Partway Home: The Santa Clara Valley Transportation Authority
The Santa Clara Valley Transportation Authority offers riders a choice among multiple versions of its bus schedules. The site indicates that, besides the schedule that most people use, schedules are available in "ADA accessible" and PDF versions, and there is even a map in Firepad format that enables a graphic interface for the Palm Pilot! (See Figure 5-11.)
Figure 5-11. Screen shot of Santa Clara Valley Transportation Authority (VTA) page listing available schedules for bus route 12. Accessed June 9, 2001, at http://www.vta.org/schedules/SC_12.html. Used with permission.
Looking at a Typical Schedule: Route 12, Eastbound, Saturdays
Table of Abbreviations. The Saturday schedule for eastbound Route 12 is typical of the thoughtful way this site presents route and schedule information. The screen shot in Figure 5-12 shows a page with two tables. The first spells out the full names of the intersections whose abbreviated names are listed at the top of the schedule; this strategy compensates effectively for the lack of browser support for the <abbr> element.
Figure 5-12. Screen shot of the Saturday schedule for the Santa Clara Valley Transportation Authority's eastbound Route 12. Accessed June 9, 2001, at http://www.vta.org/schedules/SC_12EA_SA.html. Used with permission.
The Bus Schedule. The bus schedule, which is contained in the second table, appears below the table of abbreviations. The abbreviated names of the intersections are on the top row. The next line says that "PM times are shown in bold." (These afternoon and evening times are not distinguished in any other way, however, so this important information is lost on people using screen readers and talking browsers. By contrast, the Babylon Village train schedule includes the "am" and "pm" designations as part of the schedule data.) The third line repeats the identifying information for the route. The next row is the first line of the actual schedule and shows the time when the bus will reach each intersection.
Viewing the Source. The second table, which presents the schedule, is formatted as a complex table, using the <thead> and <tbody> elements as well as the <tr>, <th>, and <td> elements found in HTML's simple table model. This allows people using screen readers and talking browsers to stop on any timepoint and determine what intersection is associated with it. If you access this schedule with JAWS, you might get to a timepoint and find yourself unable to figure out where the bus would be at that moment. You might hear something like the following:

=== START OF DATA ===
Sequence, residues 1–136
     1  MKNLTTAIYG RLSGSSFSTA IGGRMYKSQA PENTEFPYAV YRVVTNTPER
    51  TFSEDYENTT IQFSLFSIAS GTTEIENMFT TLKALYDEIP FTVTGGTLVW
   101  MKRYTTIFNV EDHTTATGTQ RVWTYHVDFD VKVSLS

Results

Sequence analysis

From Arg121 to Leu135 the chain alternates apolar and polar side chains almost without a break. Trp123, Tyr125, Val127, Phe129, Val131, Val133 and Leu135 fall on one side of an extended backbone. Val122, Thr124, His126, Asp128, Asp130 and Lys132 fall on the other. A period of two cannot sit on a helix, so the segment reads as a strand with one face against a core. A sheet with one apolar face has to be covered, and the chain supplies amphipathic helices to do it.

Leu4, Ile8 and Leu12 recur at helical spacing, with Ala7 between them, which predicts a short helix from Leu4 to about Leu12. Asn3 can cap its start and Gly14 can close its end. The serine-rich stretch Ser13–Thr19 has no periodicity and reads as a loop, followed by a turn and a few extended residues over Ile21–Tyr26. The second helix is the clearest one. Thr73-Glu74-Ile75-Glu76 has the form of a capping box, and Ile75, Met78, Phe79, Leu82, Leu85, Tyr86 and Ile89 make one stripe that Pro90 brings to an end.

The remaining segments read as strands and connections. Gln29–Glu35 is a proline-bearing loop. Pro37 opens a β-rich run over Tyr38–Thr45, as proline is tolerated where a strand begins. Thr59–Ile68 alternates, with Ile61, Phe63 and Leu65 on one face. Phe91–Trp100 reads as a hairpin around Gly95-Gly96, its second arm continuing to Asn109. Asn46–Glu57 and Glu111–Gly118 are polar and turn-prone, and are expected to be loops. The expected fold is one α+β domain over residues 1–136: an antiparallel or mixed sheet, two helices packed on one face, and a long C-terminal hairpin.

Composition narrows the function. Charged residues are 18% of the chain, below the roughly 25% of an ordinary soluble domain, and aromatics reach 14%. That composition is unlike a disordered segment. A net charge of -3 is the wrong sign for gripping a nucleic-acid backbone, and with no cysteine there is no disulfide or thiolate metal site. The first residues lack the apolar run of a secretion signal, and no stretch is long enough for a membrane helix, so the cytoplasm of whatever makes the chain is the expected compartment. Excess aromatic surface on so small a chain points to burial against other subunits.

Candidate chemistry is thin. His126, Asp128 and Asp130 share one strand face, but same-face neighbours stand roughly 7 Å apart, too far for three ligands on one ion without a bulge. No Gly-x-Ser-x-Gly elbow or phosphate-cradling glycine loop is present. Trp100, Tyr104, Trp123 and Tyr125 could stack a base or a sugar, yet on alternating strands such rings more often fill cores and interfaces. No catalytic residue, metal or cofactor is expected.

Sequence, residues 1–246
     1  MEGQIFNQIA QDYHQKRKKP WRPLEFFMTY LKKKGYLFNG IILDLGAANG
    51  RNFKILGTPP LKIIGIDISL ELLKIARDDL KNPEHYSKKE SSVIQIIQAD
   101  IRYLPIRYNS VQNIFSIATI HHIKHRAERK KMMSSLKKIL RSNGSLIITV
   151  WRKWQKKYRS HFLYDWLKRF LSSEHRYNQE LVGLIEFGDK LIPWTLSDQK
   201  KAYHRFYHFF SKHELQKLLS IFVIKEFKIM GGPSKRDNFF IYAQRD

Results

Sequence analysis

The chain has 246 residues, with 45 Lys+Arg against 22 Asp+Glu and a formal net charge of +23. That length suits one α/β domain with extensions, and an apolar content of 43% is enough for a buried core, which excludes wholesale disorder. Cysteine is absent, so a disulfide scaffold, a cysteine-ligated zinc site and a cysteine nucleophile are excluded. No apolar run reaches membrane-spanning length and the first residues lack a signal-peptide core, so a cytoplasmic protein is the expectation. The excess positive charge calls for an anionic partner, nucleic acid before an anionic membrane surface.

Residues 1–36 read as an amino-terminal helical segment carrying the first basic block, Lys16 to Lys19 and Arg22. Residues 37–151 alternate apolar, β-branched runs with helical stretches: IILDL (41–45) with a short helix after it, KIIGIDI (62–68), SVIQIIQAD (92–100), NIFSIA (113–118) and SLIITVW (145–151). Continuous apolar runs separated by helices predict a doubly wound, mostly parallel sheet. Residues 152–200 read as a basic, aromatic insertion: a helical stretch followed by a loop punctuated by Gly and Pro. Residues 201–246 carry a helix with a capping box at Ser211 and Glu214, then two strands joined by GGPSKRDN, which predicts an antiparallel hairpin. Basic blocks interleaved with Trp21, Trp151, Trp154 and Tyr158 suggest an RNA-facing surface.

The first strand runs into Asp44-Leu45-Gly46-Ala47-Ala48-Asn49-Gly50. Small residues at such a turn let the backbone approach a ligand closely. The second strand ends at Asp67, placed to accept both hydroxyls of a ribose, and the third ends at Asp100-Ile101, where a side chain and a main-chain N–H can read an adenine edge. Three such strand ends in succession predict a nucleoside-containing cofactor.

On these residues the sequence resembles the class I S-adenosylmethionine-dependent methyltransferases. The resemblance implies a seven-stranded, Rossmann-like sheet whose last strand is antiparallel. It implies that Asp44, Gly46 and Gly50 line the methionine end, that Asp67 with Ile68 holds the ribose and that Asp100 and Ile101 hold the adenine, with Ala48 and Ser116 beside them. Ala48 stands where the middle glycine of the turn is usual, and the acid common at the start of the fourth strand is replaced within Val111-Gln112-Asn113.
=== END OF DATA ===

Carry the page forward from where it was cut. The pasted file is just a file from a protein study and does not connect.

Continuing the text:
Ten oh two ten seventeen ten twenty four ten twenty seven ten thirty two ten forty four ten thirty two ten forty seven . . .
The designers have made it easier for sighted riders to run their eyes up and down the columns by shading every other one. Without an equivalent way for riders with visual or cognitive impairments to identify a relationship between a given number and a specific intersection, the schedule would be meaningless garbage. But there is a way this time, as there was not on the Capital Metro site the first time we tried to use it. The designers have used HTML features that make it possible to get auditory information about the association between a timepoint and an intersection. You can stop when JAWS says, "ten forty seven," for example, and ask JAWS to tell you where you are. It will respond, "Row 5. Column 2. King Berry. Ten thirty two. Ten forty seven."
First JAWS tells you where you are in the table at row 5, column 2. Then it reads the abbreviation for the intersection: King Berry, which the table of abbreviations expands to King and Berryessa. Then JAWS reads the first timepoint on this row, ten thirty two the time at which this particular bus sets out from the Civic Center and finally repeats the timepoint where you had stopped reading through the schedule. Of course it takes far less time to do all this than to read about it here.
What we have just described appears to be the default for the way the JAWS screen reader responds to the combination of the <thead> and <tbody> elements with the more common <tr>, <th>, and <td> elements. Specifically, it reads the contents of the <th> element at the head of the current column, then the contents of the first cell (<td> or <th>) in the current row.